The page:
First, library vocabulary was not easy to pick up. Professional jargon for a field like librarianship is rarely available in dictionaries (e.g. booktalk, display, readalike, shelf talker). To complicate matters, Francophone colleagues would regularly use different translations for the terms (e.g. to place a hold: demander/réserver un article, faire/soumettre une demande, faire venir un article d’une autre succursale) or even an English word (il faut repasser le bookdrop parce que le reader n’a pas tout détecté).
Second, running the branch’s bilingual storytime highlighted the fact that Katherine had learned French as an adult. Library pre-literacy programs are filled with songs and rhymes for young children that are not included as part of post-secondary language-learning curriculums. Consequently, Katherine arrived at the branch knowing no fingerplays or rhymes, and only two French children’s songs: Sur le pont d’Avignon and Alouette. While there are many resources of songs and rhymes in print and on the internet, these were difficult to use without a basic knowledge of the melodies and the cultural context of the local francophone community.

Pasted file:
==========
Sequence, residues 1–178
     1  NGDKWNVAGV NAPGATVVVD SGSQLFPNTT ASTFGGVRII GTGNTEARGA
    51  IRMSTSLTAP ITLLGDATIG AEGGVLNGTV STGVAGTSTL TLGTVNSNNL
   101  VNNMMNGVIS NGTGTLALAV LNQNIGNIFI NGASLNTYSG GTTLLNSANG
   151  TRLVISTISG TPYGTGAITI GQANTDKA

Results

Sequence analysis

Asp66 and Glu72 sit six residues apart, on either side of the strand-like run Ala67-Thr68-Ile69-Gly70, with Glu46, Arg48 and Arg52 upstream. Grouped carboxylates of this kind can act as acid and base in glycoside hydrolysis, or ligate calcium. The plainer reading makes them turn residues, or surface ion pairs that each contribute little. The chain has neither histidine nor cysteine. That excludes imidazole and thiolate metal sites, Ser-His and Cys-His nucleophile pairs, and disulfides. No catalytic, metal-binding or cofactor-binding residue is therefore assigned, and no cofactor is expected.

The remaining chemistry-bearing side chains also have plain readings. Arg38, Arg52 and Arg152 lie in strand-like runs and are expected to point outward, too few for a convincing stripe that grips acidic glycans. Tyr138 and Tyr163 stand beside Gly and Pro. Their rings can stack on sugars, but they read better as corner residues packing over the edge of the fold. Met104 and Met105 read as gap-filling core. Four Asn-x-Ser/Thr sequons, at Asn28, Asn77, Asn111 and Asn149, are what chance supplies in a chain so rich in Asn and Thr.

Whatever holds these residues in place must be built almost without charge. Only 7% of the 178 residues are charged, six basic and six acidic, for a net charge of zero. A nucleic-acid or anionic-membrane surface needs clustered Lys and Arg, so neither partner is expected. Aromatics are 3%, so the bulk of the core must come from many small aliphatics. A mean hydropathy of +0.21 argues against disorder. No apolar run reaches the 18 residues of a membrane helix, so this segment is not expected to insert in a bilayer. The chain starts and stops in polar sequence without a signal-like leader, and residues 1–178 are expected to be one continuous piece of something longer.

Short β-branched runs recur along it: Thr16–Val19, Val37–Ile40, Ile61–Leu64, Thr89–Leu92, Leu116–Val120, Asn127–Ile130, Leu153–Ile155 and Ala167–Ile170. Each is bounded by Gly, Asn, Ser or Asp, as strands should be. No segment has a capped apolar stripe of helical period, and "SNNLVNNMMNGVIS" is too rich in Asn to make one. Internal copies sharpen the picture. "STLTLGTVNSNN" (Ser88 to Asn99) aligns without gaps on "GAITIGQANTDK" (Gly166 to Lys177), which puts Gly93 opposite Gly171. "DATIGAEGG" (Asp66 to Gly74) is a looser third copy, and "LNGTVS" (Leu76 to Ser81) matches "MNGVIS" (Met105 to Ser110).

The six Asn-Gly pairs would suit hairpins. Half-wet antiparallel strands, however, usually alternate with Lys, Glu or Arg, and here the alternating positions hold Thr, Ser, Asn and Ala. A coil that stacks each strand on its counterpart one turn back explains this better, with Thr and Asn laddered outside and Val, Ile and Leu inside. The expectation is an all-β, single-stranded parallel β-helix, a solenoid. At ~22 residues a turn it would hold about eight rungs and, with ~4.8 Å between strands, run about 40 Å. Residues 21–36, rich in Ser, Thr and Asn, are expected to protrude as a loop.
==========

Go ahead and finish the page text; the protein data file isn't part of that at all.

Third, providing reader’s advisory services requires an awareness of authors, titles and series, and the vocabulary to adequately describe the genres and the flavour of the titles. Katherine was starting out without a tool like NoveList to help in finding title recommendations, and she was limited in her literary descriptions (e.g. “This murder mystery is part of the Scottish Noir genre. The novels are gritty, fast-paced, and anchored by a tenacious and driven detective” would become “C’est un mystère en Écosse et il y a beaucoup de livres dans la série. C’est très bon. L’inspecteur est intéressant”). This meant that developing recommendations for customers, booklists and displays took a huge amount of time and research.